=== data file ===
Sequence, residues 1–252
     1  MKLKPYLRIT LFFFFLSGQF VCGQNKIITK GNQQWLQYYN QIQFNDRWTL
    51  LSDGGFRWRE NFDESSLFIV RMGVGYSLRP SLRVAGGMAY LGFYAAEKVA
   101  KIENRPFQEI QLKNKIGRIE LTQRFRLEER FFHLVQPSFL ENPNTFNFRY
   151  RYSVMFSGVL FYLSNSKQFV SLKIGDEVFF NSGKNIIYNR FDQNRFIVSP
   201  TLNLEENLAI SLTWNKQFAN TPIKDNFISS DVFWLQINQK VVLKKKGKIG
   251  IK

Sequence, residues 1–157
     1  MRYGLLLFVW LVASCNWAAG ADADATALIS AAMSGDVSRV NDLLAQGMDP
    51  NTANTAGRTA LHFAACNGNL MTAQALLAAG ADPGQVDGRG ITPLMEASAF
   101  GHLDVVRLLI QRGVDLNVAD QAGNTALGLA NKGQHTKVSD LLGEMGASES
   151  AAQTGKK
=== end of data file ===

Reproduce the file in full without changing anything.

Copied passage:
Sequence, residues 1–252
     1  MKLKPYLRIT LFFFFLSGQF VCGQNKIITK GNQQWLQYYN QIQFNDRWTL
    51  LSDGGFRWRE NFDESSLFIV RMGVGYSLRP SLRVAGGMAY LGFYAAEKVA
   101  KIENRPFQEI QLKNKIGRIE LTQRFRLEER FFHLVQPSFL ENPNTFNFRY
   151  RYSVMFSGVL FYLSNSKQFV SLKIGDEVFF NSGKNIIYNR FDQNRFIVSP
   201  TLNLEENLAI SLTWNKQFAN TPIKDNFISS DVFWLQINQK VVLKKKGKIG
   251  IK

Sequence, residues 1–157
     1  MRYGLLLFVW LVASCNWAAG ADADATALIS AAMSGDVSRV NDLLAQGMDP
    51  NTANTAGRTA LHFAACNGNL MTAQALLAAG ADPGQVDGRG ITPLMEASAF
   101  GHLDVVRLLI QRGVDLNVAD QAGNTALGLA NKGQHTKVSD LLGEMGASES
   151  AAQTGKK